Twenty-ten. Late last December I yearned for the new year and without realizing it, was also waiting for a new decade. Then it arrived. We ushered in twenty-ten with family in New England. Playing games by the fireside. Enjoying our youngest grandbaby. A few moments before midnight, our daughter remarked that oops, nobody had thought to bring funny glasses or party hats. This set us off in a flurry of catching up. With five minutes to go, she created strange additions (from a child's puzzle) to her glasses frames while I grabbed a pile of newspapers and began folding. I should have sent someone off for the masking tape, but no time, no time. When the year turned over, it found us with semi-folded newspapers on our heads and riotous laughter shaking our bodies. To the onlooker, surely these people were missing a few essential nuts and bolts.
We returned home to Pittsburgh with a warning about lake effect snow, which caused us to travel a more southerly route. Once home, it snowed and snowed and snowed. Every day for thirteen straight days, snow fell in Western Pennsylvania. We never got a big pile, just an inch or so. I'd wake up to covered walkways and grab the broom, but by afternoon, I needed to sweep again. Somehow, this gradual, grey, small flurry and flake storm accumulated to more than a foot on the patio table. Creeping, sneaky.
There was nothing slow or gradual about what came next in this new year. Haiti was shaken, broken, devastated. In seconds the built landscape flattened, burying homes, roads, and most tragically thousands of people. The actual numbers are not known, will never be known. And that uncertainty must haunt the survivors. Did friends, family, neighbors, children survive? And if they died, where, how, how painfully? Will supplies ever arrive? Will I have a roof before the rains come? Will aid come in time to help heal the wounded? How many more will die? In the midst of such enormous disaster, we in Pittsburgh witnessed a small miracle--the evacuation of 54 orphaned children, already in process of joining new families when the quake struck. From farther away we read of survivors rescued after more than a week of entrapment. Tiny flickers and flares of hope amidst the ruins.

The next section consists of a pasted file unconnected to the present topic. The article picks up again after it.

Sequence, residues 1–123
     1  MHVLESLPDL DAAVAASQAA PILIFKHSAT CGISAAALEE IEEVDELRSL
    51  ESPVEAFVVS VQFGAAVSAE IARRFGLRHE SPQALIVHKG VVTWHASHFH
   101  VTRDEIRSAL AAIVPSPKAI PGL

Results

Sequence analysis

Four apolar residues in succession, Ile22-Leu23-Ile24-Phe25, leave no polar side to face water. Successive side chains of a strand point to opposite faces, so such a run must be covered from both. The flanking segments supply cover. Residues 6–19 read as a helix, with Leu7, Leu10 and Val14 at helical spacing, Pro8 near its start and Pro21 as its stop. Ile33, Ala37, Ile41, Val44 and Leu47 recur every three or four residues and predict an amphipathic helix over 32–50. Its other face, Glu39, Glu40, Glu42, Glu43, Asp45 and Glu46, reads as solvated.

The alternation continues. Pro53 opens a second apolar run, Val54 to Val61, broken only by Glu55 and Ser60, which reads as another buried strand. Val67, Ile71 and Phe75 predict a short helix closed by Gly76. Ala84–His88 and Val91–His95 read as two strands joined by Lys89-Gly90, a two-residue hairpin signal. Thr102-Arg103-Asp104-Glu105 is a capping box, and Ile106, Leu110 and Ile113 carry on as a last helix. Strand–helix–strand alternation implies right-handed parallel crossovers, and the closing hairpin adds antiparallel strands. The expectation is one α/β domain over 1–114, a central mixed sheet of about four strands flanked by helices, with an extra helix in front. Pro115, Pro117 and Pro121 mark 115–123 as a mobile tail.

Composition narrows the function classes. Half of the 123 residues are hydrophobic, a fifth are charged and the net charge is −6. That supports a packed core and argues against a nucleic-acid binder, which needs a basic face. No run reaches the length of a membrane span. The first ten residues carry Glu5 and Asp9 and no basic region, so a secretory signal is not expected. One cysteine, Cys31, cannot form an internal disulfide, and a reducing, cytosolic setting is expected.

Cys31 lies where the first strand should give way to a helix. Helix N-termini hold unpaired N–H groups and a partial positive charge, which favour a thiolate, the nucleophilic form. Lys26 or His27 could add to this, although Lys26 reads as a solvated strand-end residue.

It felt odd, then, to travel to Hershey PA for a weekend library event. To visit Chocolate City, where they give you a candy bar as you check into your hotel, while in the Caribbean, people were desperate for food and water. Odd to spend an hour watching our two small grandsons splash in a large indoor swimming pool while some people can't find a drop of clean water. Odder still to sit in that hotel lobby and watch 60 beauty queens from all over Pennsylvania vie for the title of Miss Grange of Pennsylvania. Lovely girls, in beautiful dresses with proud parents and grandparents cheering them on. While in Haiti, families mourn their losses, scramble for a shirt, for shoes. And yet this too is a flicker of hope--a promise that young people will continue to grow and survive despite the challenges that surround them.
As we reach our hands into our pockets to aid and support the thousands in crisis, those same hands can applaud the proud moments of strong young women in triumph. Our hands, our hearts, these are versatile tools--and it is our task to use them well, to stretch and grow them and use them in all sorts of ways--to dry tears, to fan flickers of hope into flame, to sweep snow, to unwrap chocolate.